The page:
- Scientology. One would think he would have done an anti-Scientology tract, but surprise!, he didn't. Of course, this is probably a good thing, since he would most likely have claimed Scientology like everything else is an invention of the Roman Catholic Church. Still, it's quite odd he didn't touch that subject at all. Maybe he feared a lawsuit from the CO$...that they could win.
- Eastern Orthodox Church. Although Russians and Greeks are mentioned now and then, their denomination is never brought into consideration, although many of their customs and traditions are very similar to those of the "pagan" Catholic Church: gradual salvation, rituals, priests, monks, mass, sacraments, "idolatry" icons, "worship" of Mary and saints, Inspired Holy Church fathers etc. One would think that Orthodoxy belongs to the Roman Catholic system (no mention of the Great Schism is ever made) but on the other hand they are also an enemy of the Catholic Church, so maybe it was better to leave them out. Although it's more likely that Chick's worldview was so narrow that he didn't even notice the difference.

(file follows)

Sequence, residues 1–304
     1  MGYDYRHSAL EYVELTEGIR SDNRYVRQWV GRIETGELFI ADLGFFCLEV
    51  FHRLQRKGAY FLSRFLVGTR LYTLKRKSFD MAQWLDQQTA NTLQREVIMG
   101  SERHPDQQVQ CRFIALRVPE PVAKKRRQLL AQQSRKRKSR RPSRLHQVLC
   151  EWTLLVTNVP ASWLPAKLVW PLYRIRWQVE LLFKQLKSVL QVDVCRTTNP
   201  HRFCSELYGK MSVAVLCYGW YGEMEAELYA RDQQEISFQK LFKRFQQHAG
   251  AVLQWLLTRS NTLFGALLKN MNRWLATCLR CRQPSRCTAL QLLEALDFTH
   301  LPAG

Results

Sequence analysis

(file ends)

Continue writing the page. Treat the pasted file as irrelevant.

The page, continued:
- Oriental Orthodox Church. Did Chick even know the difference between that and the Eastern Orthodox Church? In his defense, many if not most Americans don't. He erroneously described Ethiopia, a plurality Oriental Orthodox nation, as a Muslim country, though. He also blamed the "Alexandrian Cult" (the predecessor of today's Coptic Church) for corrupting the Bible during the first few centuries.
- Japanese animation and manga. Considering his contempt for non-western cultures, you would think that Chick would have written a comic decrying the dangers of Japanese animation, or at the least taken a potshot at perennial favorite target Pokémon.